Dog bite prevention: planning for success

You can take steps to prevent dog bites and plan for success: educating yourself and your children, zoning your home, and understanding escalating situations can all help lead to prevention.

Educate yourself and any children in your life about how to have a good interaction with a dog. Teach them to respect animals, and to understand that the dog needs time alone sometimes. They should know that it’s not okay to run up to a dog, even if that dog is on a leash and with its owner; let them know to approach dogs calmly. They should also understand what to do if confronted by an aggressive dog, how to tell when a dog wants to play and when it doesn’t want to play, and to ask a dog’s owner for permission to pet it. The owner should always be there and in outdoor settings the dog should be on a leash -- this is the only time it’s safe for them to pet an unknown or semi-familiar dog. Children should also be taught never to approach a strange dog.

As a dog owner, you need to be with you dog when he or she interacts with unfamiliar people, and don’t force people to interact with your dog if they appear reluctant, uninterested or afraid. An interaction can easily and quickly change from play to aggression, especially with kids. However, children should interact with animals -- and they should be taught the difference between having a good interaction and a bad one.

Break your house into zones if you have young children. You should be able to keep the dog in one area and the child in another when you are out of sight or busy, and get your child used to that arrangement from a young age. Allow your children to interact with your dog regularly, but only with supervision and attention to keeping the interactions positive. Baby gates provide simple means of zoning your home. By using a baby gate to separate the dog from a child, the dog can still see and hear what’s happening; isolating your dog from daily activities can cause risky behaviors, and should be avoided. There’s a difference between zoning and imprisonment: with proper zoning, the dog is calm, cooperative, and indirectly involved in certain activities.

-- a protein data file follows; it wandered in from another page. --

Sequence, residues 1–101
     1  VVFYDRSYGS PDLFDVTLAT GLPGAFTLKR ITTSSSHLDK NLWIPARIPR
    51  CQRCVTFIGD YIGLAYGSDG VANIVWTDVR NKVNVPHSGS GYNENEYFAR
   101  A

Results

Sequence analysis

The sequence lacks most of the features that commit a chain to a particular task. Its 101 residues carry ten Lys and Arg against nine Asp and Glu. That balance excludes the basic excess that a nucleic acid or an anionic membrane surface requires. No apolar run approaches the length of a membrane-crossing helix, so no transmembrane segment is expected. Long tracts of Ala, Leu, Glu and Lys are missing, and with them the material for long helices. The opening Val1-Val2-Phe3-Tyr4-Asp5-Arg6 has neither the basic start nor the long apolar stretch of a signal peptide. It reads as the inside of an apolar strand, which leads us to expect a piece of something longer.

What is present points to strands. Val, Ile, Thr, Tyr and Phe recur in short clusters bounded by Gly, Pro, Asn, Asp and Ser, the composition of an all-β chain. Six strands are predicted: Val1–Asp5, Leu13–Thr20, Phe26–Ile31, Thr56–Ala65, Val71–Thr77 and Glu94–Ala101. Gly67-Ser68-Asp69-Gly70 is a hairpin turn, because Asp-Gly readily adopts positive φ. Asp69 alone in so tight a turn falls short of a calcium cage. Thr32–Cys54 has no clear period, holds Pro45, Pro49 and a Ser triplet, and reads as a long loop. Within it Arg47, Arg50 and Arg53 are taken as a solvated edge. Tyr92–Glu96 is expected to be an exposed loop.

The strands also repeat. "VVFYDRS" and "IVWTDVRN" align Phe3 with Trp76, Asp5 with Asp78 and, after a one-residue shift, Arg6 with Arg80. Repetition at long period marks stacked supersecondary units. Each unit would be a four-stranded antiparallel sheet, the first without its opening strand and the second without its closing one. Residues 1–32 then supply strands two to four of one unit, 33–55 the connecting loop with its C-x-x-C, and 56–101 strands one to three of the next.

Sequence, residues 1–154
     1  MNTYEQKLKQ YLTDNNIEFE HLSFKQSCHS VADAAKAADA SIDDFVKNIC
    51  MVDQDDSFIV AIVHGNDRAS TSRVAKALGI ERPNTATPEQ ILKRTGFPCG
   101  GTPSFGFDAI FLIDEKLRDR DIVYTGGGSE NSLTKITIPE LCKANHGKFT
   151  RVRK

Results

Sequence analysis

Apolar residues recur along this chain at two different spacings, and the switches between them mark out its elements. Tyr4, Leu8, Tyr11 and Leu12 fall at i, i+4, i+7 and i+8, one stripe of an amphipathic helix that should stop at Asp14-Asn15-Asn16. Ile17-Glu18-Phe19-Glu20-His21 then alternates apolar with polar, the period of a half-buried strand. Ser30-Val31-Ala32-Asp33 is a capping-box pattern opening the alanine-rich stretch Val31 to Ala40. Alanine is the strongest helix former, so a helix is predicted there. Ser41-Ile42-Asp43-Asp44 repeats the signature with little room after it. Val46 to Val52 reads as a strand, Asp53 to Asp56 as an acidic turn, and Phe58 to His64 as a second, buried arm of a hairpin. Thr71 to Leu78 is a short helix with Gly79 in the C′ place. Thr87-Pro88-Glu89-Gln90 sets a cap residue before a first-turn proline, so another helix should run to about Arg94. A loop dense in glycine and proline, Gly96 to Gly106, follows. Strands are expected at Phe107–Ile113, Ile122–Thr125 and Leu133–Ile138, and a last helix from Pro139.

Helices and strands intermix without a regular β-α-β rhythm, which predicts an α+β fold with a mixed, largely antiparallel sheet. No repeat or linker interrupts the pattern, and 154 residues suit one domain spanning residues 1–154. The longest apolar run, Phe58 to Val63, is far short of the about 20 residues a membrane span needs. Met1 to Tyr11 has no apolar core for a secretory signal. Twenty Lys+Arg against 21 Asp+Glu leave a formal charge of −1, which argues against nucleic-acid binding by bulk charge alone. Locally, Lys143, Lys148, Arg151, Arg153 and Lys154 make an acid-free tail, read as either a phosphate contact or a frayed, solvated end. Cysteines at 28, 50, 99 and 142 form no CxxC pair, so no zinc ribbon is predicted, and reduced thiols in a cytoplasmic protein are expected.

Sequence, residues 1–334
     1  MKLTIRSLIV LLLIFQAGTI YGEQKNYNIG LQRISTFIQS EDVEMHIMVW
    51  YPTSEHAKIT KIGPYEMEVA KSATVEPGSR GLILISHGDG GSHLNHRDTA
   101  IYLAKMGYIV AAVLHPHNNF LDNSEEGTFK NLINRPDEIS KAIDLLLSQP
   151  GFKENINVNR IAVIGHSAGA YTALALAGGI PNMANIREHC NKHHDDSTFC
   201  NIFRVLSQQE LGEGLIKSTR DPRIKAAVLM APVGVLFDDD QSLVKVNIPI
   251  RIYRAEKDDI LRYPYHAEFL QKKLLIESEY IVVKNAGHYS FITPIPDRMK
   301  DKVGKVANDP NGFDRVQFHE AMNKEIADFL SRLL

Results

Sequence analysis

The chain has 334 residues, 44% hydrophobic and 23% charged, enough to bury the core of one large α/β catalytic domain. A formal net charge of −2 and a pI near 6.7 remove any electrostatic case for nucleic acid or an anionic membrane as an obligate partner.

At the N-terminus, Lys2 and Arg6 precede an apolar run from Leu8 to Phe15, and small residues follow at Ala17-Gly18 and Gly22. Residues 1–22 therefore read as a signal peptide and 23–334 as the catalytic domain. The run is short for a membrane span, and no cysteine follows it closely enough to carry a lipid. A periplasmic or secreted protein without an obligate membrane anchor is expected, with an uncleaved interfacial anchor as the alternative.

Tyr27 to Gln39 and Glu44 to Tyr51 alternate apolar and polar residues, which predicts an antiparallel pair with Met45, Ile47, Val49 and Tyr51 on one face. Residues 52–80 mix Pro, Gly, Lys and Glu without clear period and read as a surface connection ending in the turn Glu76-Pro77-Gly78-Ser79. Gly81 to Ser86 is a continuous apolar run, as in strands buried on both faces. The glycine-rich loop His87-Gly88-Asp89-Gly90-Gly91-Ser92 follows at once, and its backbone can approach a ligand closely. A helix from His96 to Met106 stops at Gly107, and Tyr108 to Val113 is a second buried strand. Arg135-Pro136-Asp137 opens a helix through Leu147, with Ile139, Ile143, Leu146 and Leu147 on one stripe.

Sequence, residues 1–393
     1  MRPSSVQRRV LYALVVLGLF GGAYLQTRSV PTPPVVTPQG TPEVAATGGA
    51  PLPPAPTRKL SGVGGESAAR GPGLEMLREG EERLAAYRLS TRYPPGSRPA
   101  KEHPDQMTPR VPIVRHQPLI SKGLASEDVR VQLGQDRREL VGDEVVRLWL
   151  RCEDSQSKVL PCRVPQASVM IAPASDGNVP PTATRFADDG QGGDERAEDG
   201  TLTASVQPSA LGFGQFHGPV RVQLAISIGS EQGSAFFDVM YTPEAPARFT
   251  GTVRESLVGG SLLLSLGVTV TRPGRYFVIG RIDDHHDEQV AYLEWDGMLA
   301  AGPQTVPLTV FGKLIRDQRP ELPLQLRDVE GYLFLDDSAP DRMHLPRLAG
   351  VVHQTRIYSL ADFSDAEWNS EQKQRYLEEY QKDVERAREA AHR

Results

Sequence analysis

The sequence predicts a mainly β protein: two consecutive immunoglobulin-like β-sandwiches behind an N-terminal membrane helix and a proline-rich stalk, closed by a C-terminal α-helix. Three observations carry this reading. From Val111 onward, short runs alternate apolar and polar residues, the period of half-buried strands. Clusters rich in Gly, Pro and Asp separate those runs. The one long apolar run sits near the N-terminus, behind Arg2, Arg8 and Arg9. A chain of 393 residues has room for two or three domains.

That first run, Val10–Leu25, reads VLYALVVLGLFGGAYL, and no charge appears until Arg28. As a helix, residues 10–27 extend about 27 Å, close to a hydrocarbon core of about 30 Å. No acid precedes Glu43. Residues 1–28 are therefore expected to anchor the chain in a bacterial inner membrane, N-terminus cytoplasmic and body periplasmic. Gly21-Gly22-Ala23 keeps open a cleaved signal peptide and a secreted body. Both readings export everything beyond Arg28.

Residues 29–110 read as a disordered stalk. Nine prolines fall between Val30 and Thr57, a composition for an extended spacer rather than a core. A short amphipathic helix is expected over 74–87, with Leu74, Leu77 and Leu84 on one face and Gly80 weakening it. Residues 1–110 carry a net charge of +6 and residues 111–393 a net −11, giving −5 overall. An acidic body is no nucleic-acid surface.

By teaching your dog to respect the gate and the zones, (s)he will understand that (s)he won’t be trapped behind the gate for a long time and will be able to interact directly with your family when it’s appropriate. You should start to use zoning when your dog is a puppy as method of managing his/her behavior, not just physically controlling it.

Especially when children are young, you should keep the child and the dog separated unless there is constant adult supervision. If you leave the room even for a short time, the dog and child should be separated. Leaving a baby or toddler alone in the room with a dog just for a minute can lead to tragic results. Also be alert for any signs of aggression from the dog toward the child, or of any situations that could have the potential to escalate (such as a child taking a dog’s toy or food, for example). If you dog seems to be exhibiting fear or aggression that is inappropriate or difficult to understand, seek help from a veterinary behaviorist to resolve the problem.  It may be that the dog perceives the situation very differently from you, and a few simple changes will put him or her at ease again.

Whenever your dog seems to be anxious, agitated or is behaving in an inappropriate manner, it is a good idea to remove them from that situation (especially if the situation is escalating) and put them somewhere safe and quiet. By doing this, you’re not actually punishing the dog. You’re interrupting behaviors you don’t like, and that gives you time to change the situation before bad behaviors become habits.

Your dog is part of your family and wants to be part of family life. But sometimes it’s difficult for us to fully understand how a dog sees the world, and providing your dog with a secure resting space and supervision in risky situation is the best way to plan for success.